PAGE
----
OR: Medicaid Expansion Drives OHA Budget Increase in Omnibus Bill

oregon house

The Oregon Legislature passed an omnibus bill on the last day of the session to rebalance agency budgets, including increasing the Oregon Health Authority’s (OHA) budget by $1.17 billion to a total of $14.4 billion for the 2013-2015 biennium.

The increase in OHA’s budget is due to an infusion of $1.1 billion in federal funding as a result of higher-than-expected Medicaid enrollments in Oregon. As of late February, approximately 206,000 people have newly enrolled in Medicaid, either through Cover Oregon or the state’s innovative “fast-track” enrollment process.

The rebalance also reflects $67.9 million in general fund savings because of changes to caseloads, federal match rates, and the  use of one-time funds that are higher than previously forecasted.

The Legislature had little additional money to boost funding to programs.  But $26 million generated by cuts to the state’s senior medical-expense tax deduction created wiggle room for additional spending on senior programs.

The Legislature allocated $13.3 million of those savings to programs that provide geriatric mental health and addiction specialists in each county, senior transportation, and caregiver training related to Alzheimer’s and other elder-specific illnesses. The other $13 million will be appropriated this May.

The budget also reflects increased rates for adult residential facilities for substance abuse treatment.  The adult indigent (or non-Medicaid) rate increases from $105.50 to $120.00 per day, per bed – the same rate used by coordinated care organizations (CCOs).

The health authority’s budget also includes three “budget notes” written by the Ways and Means committee to direct state agencies to take specific actions or generate reports to inform future legislation.

One note instructs the OHA to work with CCOs and health systems to “ensure that Medicaid clients have access to medically appropriate and necessary inpatient or outpatient health services.”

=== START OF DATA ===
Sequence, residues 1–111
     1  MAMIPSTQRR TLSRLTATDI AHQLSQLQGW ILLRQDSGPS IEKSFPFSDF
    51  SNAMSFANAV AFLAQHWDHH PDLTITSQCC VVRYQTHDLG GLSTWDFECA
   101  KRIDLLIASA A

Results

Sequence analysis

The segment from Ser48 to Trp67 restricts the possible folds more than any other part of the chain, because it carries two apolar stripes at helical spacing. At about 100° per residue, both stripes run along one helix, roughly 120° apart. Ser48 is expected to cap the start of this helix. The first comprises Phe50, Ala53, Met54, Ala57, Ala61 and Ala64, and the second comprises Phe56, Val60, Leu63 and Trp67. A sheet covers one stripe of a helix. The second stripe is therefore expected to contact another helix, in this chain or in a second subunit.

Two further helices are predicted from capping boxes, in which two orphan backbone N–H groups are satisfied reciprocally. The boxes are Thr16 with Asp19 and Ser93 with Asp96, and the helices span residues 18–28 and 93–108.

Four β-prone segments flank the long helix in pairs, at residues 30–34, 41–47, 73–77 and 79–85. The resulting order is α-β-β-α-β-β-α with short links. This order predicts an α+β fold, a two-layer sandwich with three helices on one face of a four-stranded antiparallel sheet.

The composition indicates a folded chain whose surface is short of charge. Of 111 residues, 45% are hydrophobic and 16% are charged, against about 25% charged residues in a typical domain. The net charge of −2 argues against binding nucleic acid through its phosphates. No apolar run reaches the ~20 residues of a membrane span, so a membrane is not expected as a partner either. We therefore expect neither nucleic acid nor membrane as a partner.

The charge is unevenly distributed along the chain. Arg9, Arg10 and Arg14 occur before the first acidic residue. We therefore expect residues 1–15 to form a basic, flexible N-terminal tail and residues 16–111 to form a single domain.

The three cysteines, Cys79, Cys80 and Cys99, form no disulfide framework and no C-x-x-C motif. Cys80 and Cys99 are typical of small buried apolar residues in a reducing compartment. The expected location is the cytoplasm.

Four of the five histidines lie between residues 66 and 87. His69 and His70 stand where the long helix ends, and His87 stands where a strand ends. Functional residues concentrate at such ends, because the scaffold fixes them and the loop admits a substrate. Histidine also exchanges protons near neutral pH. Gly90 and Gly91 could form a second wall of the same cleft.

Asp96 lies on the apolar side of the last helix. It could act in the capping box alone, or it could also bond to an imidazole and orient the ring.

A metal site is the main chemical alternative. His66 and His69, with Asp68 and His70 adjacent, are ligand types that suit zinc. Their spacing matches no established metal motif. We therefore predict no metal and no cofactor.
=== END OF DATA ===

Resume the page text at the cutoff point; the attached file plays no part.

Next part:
The note specifically mentions Oregon Health and Science University (OHSU) and reflects attempts by House Speaker Tina Kotek, D-Portland, to resolve a dispute between OHSU and FamilyCare, which is one of two CCOs in the Portland area.  FamilyCare has accused OHSU of refusing to provide nonemergency care to some FamilyCare patients.

The second budget note instructs the authority to report to the Emergency Board in September 2014 regarding creating the position of a state dental director in 2015.

Finally, a note that is attached to $10 million given to the Addictions and Mental Health Division for financing affordable housing projects instructs the division, along with the National Alliance on Mental Illness and the Oregon Residential Provider Association, to provide status updates on all projects and to notify the Legislature in advance of intent to sign contracts.

Addressing primary care provider shortage

Outside of the health authority, an additional $200,000 was added to the state’s Primary Health Care Loan Forgiveness Program via the Department of Administrative Services. Operated by OHSU’s Office of Rural Health, the program forgives a portion of a primary care doctor’s medical school loans in exchange for practicing in rural and underserved areas.

It’s a far cry from the $2.5 million appropriation that Sen. Elizabeth Steiner Hayward, D-Beaverton, and many Republican legislators representing Oregon’s rural areas asked for in House Bill 4137, which died this session.

But it’s a sign of growing recognition among legislators that health reform and Medicaid expansion increase the need for primary care providers.

A recent report written by the Oregon Healthcare Workforce Committee found that demand for physicians, nurse practitioners and physicians is projected to increase between seven and 16 percent in the next decade.